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Session learning objectives
Through this guide, learn to:
- Visualize your topic in order to refine your search
- Effectively navigate Library databases using subject headings
- Critically examine your resources from a social justice lens
- Organize searches, sources, and concepts to enable greater ease in writing a literature review
Handouts for this Library Guide
Information Literacy is the ability to "recognize when information is needed and have the ability to locate, evaluate, and use effectively the needed information" (American Library Association (ALA), 1989)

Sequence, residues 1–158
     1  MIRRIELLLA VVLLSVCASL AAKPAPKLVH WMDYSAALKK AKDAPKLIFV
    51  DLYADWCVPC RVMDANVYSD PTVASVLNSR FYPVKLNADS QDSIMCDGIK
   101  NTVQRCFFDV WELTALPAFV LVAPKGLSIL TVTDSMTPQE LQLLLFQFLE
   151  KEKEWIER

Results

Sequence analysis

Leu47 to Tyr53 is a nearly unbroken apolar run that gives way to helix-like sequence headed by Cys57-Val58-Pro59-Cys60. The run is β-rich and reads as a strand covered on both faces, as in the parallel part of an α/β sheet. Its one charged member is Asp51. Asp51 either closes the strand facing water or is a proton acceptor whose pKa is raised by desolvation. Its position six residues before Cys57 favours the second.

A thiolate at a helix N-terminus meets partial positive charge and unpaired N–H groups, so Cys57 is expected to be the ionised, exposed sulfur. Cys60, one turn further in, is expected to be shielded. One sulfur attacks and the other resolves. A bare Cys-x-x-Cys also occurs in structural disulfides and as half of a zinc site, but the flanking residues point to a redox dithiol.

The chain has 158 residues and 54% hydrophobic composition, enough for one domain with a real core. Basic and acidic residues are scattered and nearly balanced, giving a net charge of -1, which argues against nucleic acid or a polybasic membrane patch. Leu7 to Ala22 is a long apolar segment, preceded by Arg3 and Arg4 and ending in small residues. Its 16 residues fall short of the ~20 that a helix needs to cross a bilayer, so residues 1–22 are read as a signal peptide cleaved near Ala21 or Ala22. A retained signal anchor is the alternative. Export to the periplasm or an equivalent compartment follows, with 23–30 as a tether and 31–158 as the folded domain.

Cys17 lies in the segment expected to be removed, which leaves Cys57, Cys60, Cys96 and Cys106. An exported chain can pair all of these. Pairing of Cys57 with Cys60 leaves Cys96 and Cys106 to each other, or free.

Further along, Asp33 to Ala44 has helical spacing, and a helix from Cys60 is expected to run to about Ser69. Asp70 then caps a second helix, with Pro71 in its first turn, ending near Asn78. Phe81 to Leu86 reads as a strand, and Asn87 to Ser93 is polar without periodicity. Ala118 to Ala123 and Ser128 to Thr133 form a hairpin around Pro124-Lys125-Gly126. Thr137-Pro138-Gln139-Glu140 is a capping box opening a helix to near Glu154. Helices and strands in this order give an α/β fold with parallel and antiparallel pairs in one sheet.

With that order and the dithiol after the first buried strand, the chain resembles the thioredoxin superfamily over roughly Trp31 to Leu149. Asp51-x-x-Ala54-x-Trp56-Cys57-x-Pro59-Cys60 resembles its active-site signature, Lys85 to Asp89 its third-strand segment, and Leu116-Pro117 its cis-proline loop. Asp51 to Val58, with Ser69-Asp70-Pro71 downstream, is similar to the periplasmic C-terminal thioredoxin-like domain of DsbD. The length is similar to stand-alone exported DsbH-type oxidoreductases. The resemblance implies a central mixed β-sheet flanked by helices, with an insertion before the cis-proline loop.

ACRL Frames (Association of College & Research Libraries (ACRL), 2015)
- Information Has Value
- Its value may be wielded by those with power to marginalize certain voices, but may also be leveraged by individuals & organizations to effect change.
- You are responsible for making deliberate & informed choices about when to comply with & when to contest current legal & socioeconomic practices concerning the value of information.
- Research as Inquiry
- Research is iterative: asking increasingly complex or new questions
- Manage complex research by breaking complex questions into simple ones
Scholarship as Conversation
- Communities of scholars, researchers, or professionals sustained discourse with new insights and discoveries over time
- A given issue may be characterized by several competing perspectives as part of an ongoing conversation
This guide was created by Frances Brady for Adler University.